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Claude Kennedy, retired cotton station director, former ASCS regional director, passes away at 82


MARIANNA — The Cotton Research Station at Marianna may bear Lon Mann’s name, but the place belonged to Claude Kennedy.
“He loved his station. It was personal for him,” said Chuck Culver, director of external relations for the University of Arkansas System Division of Agriculture.
Kennedy, retired resident director of the station, passed away April 3. He was 82. The station is part of the Arkansas Agricultural Experiment Station, the research arm of the Division of Agriculture.
Kennedy, with his radiant smile and outstretched hands, would welcome visitors and instantly make them feel at home. More often than not, a first-time visitor would get a tour and offer of lunch, regardless of what else was on Kennedy’s calendar that day.
“Claude was a true Southern gentleman who took his job very seriously,” said Deacue Fields, vice president-agriculture for the University of Arkansas System. Fields said Kennedy was one of the first people he met on becoming dean of the Bumpers College of Agricultural, Food and Life Sciences.
“In May of 2018, in my first couple of weeks, he gave me a tour of the station,” Fields said. “I recall how much pride he took in the accomplishments of the center and its history. When you visited the station, you got a history lesson and he took a lot of time and pride in explaining all that the station meant to agriculture and the community.”
Nathan Slaton, assistant director of the Agricultural Experiment Station, said that “Claude was more than the resident director at the Lon Mann Cotton Research Station. He loved agriculture and was the resident historian and welcoming committee for anyone who visited the station. His contributions to the Cotton Research Station will be fondly remembered and his southern charm and hospitality and will be dearly missed.”
Kennedy grew up on a Lee County farm near Marianna and later ran the family farm raising cotton, soybeans and beef cattle. He earned a bachelor of science in agronomy at Tennessee A&I in Nashville, Tennessee.
In 1987, Kennedy was called by the U.S. Department of Agriculture in Washington, D.C., to serve as the Southeast area director for the Agricultural Stabilization and Conservation Service. He served through the Reagan and George H.W. Bush presidencies, administering farm programs in an area that included 12 states and U.S. territories in the Caribbean.
Kennedy returned home to Arkansas in August 1993 to work as a research specialist for what was then known as the Cotton Branch Experiment Station, working on soybean performance testing for the Arkansas Agricultural Experiment Station. In January 1995 he moved from the division’s research arm to its outreach component, the Cooperative Extension Service. There Kennedy worked as an extension agent serving agriculture and the community.
In July 2000, Kennedy was appointed resident director of the Cotton Research Station. His job was more than just cotton, being involved in crop research activities on soybeans, wheat, corn cultivars and grain sorghum in support of Division of Agriculture scientists.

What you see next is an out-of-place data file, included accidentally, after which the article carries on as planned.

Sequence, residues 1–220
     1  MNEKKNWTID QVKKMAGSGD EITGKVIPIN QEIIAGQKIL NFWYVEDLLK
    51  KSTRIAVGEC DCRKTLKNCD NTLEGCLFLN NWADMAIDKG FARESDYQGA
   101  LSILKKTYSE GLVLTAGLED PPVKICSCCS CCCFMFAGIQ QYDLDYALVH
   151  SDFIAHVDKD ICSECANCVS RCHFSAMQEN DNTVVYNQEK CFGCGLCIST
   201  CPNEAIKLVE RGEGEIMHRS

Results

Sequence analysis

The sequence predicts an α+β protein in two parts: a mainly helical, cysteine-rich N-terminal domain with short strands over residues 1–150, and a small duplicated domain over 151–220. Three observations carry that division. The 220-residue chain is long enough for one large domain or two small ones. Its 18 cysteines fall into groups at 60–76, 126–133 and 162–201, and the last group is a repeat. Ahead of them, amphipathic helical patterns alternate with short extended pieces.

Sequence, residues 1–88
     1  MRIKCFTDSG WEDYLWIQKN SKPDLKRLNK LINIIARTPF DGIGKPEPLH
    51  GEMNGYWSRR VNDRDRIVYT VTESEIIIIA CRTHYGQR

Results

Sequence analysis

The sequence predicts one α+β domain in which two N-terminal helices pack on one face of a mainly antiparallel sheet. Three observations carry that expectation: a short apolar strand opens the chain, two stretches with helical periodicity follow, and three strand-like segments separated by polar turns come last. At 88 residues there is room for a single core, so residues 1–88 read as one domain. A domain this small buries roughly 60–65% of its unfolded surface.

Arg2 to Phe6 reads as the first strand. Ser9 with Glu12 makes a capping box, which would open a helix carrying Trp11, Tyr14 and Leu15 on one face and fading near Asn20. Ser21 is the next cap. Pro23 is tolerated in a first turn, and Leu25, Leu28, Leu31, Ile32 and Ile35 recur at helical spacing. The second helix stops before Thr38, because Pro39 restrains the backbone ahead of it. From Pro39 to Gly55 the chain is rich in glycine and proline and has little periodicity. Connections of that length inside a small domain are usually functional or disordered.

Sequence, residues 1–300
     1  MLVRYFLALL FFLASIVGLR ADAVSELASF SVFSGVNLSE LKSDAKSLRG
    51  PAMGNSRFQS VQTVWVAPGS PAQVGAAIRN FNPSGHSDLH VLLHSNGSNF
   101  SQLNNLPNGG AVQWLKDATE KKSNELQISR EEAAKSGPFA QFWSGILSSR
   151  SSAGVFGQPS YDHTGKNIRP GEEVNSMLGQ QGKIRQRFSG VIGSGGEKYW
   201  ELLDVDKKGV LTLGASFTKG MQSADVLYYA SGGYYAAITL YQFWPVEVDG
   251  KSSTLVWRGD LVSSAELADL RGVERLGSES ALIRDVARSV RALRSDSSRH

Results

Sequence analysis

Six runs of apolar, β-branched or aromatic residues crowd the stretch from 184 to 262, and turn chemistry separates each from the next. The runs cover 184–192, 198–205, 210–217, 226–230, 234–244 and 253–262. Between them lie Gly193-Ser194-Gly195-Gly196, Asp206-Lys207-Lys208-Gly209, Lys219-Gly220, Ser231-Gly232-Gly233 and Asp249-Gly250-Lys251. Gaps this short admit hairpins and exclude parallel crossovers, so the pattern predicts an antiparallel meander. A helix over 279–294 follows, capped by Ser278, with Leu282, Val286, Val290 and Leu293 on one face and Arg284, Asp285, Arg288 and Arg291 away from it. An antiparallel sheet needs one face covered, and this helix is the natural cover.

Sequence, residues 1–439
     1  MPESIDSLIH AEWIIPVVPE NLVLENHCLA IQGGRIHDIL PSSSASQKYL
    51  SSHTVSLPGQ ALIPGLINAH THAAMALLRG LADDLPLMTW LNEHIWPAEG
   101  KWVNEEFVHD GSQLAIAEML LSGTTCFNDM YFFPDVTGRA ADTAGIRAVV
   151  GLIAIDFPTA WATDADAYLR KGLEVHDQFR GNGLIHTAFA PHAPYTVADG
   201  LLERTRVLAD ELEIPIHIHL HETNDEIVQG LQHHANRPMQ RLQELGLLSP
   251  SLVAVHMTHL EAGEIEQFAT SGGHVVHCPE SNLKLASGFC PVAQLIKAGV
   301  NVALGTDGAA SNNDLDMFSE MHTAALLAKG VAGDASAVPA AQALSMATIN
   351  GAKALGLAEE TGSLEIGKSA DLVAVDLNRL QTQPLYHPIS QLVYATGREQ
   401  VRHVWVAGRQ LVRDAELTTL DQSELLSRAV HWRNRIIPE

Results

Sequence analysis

The Cotton Research Station was established in 1925 making it one of the oldest stations in the Division of Agriculture. In September 2005 the station was renamed the Lon Mann Cotton Research Station. It consists of more than 600 acres of farmland located about three miles north of Marianna.

During Kennedy’s tenure as director, irrigated acres at the station increased from 80 to 515, which required precision grading of the additional acreage, installing more than 10,000 feet of underground pipe and adding seven wells. The station has seen more than $1.2 million in added office and equipment storage space, including the Dan Felton, Jr., Building. The station has also seen more than $200,000 in added research and production equipment.
Tom Barber, interim associate vice president-extension for agriculture and natural resources, worked closely with Kennedy. Kennedy wasn’t one to seek awards or flaunt ones he’d earned.
“The reward, in his mind, was seeing everyone successful at that station,” Barber said.
Barber was one of many who had applied research projects at the station, in his previous roles as extension cotton agronomist and weed scientist.
“Whether it was mine or someone else’s research, Claude took pride in that work. He wanted to make sure it was done right,” Barber said. “His willingness to let us work there for all these years really helped develop my career.
“Claude was instrumental in the development of many of our extension recommendations,” he said. “So much of our work, especially in cotton, was done at that station.”
Kennedy also ensured that the station presented its best face to the public, Barber said.
“He was out there at daylight, and long after we left, he was out there weeding the flower beds or watering the crape myrtles,” he said. “You couldn’t make him go home.
“He really believed in the mission and wanted to help farmers in the area. You could tell that he lived it,” Barber said. “Claude was one of those individuals who had a heart to serve and it was easy to recognize.”
Kennedy was very active in community development. He was member in the Marianna Rotary Club, past president of the local Chamber of Commerce, Junior Warden at St. Andrew’s Episcopal Church and served on many local boards and committees.
A memorial service set for Friday, April 19, at Marianna Civic Center. He is survived by his wife, Jewell, daughters, step-daughters, a niece, nephews and grandchildren.